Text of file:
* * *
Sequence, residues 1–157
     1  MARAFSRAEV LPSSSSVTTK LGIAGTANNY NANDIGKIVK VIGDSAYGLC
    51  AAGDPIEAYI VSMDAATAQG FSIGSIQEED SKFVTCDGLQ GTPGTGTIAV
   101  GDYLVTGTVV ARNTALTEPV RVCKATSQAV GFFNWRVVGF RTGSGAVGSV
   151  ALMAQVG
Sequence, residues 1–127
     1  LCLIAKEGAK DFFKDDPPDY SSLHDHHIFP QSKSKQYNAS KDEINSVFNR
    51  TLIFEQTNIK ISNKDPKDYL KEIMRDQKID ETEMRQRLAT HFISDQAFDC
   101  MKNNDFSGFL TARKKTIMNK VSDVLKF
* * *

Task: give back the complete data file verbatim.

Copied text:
Sequence, residues 1–157
     1  MARAFSRAEV LPSSSSVTTK LGIAGTANNY NANDIGKIVK VIGDSAYGLC
    51  AAGDPIEAYI VSMDAATAQG FSIGSIQEED SKFVTCDGLQ GTPGTGTIAV
   101  GDYLVTGTVV ARNTALTEPV RVCKATSQAV GFFNWRVVGF RTGSGAVGSV
   151  ALMAQVG
Sequence, residues 1–127
     1  LCLIAKEGAK DFFKDDPPDY SSLHDHHIFP QSKSKQYNAS KDEINSVFNR
    51  TLIFEQTNIK ISNKDPKDYL KEIMRDQKID ETEMRQRLAT HFISDQAFDC
   101  MKNNDFSGFL TARKKTIMNK VSDVLKF